Dagster is built around the observation that any data DAG typically contains a logical core of data transformation, which is reusable across a set of environments (e.g. prod, local, staging). The graph usually needs to be "customized" for each environment, by plugging in configuration and services that are specific to that environment.

For example, you might want to run against an in-memory SQLite database in unit tests, against a local Postgres instance when developing, and against a cloud-hosted Postgres instance in production.

You can model these differences by building multiple jobs that use the same underlying graph of ops, but have different resources to represent the different databases. The graph of ops represents the logical core of data transformation, and the resources on each job customize the behavior of that job for its environment.

Here's an implementation of a SQLAlchemy warehouse resource:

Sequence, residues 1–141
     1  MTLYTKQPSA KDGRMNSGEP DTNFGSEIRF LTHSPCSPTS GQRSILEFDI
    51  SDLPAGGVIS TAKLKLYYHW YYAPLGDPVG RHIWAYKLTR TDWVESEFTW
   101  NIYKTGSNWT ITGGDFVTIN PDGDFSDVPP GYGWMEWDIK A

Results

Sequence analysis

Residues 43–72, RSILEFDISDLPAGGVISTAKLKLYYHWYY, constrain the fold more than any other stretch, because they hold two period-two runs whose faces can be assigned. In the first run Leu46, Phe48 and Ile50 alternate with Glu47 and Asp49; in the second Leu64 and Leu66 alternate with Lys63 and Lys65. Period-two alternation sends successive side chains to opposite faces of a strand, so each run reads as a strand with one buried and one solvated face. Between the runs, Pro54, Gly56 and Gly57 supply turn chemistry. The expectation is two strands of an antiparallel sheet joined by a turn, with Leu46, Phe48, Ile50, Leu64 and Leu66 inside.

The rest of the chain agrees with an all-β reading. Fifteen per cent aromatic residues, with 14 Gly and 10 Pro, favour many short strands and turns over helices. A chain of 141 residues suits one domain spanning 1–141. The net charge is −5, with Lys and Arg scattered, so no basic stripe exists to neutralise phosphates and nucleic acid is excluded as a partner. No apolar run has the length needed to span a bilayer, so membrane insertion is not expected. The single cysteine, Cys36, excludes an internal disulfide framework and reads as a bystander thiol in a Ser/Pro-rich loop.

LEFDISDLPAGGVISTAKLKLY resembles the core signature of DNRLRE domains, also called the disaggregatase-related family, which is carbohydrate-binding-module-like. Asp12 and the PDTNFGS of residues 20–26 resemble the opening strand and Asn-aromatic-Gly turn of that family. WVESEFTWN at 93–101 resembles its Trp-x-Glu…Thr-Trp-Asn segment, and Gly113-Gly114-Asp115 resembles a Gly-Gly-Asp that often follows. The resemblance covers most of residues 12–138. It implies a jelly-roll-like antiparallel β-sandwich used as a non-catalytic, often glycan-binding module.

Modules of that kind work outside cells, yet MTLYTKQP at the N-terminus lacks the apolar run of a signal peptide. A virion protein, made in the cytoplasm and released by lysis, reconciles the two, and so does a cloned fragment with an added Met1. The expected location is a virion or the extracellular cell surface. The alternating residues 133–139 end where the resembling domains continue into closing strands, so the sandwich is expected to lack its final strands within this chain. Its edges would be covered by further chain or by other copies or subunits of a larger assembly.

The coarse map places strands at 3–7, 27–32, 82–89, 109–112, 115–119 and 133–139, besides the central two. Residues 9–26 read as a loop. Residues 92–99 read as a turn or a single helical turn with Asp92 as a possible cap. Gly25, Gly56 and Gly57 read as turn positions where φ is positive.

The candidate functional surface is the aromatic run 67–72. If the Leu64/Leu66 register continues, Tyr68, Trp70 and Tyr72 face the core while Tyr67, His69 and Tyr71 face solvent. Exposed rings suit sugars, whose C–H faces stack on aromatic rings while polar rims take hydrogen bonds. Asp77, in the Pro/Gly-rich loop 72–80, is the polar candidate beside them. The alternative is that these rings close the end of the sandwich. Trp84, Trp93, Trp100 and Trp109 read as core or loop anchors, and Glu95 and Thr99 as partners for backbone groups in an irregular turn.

class SqlAlchemyPostgresWarehouse:
    def __init__(self, conn_str):
        self._conn_str = conn_str
        self._engine = sqlalchemy.create_engine(self._conn_str)

    def update_normalized_cereals(self, records):
        Base.metadata.bind = self._engine

@resource(config_schema={"conn_str": Field(String)})
def sqlalchemy_postgres_warehouse_resource(context):
    return SqlAlchemyPostgresWarehouse(context.resource_config["conn_str"])

To build multiple jobs that use the same underlying graph of ops, we first define the graph on its own using the @graph decorator. Then we invoke GraphDefinition.to_job on the graph to construct the jobs with the relevant resources.